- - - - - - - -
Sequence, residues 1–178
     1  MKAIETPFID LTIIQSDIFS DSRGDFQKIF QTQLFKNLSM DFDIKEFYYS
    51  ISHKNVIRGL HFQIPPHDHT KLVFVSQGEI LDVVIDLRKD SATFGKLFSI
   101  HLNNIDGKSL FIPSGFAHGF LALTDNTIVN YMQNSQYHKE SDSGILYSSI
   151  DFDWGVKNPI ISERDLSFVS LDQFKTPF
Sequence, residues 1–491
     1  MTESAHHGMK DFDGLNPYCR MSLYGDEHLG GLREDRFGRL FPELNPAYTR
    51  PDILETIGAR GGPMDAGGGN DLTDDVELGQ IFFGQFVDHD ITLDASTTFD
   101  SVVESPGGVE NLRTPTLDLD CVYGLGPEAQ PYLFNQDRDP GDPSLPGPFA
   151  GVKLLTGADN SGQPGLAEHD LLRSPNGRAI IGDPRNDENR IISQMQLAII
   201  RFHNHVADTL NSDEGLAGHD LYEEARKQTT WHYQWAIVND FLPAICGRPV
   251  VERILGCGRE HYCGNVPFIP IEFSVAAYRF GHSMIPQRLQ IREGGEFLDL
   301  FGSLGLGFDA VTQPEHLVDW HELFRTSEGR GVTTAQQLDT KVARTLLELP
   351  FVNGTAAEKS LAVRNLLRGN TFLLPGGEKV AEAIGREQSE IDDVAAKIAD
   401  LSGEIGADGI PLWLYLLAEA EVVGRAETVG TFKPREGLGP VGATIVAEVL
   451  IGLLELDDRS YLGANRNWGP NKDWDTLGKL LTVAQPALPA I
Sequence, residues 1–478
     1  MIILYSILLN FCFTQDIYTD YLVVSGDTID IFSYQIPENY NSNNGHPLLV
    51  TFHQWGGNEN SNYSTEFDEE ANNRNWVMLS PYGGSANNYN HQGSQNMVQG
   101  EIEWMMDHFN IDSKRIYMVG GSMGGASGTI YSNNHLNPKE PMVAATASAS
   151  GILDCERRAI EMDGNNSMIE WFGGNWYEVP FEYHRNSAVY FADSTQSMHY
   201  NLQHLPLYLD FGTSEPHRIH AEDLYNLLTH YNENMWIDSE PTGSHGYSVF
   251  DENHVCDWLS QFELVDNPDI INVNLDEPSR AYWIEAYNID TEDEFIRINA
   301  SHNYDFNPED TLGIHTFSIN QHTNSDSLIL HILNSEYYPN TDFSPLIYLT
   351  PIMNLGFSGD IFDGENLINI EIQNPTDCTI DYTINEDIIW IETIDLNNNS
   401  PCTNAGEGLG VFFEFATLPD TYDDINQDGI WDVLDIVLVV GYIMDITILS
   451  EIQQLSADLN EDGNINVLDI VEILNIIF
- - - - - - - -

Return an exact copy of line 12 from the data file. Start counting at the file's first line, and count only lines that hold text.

   251  VERILGCGRE HYCGNVPFIP IEFSVAAYRF GHSMIPQRLQ IREGGEFLDL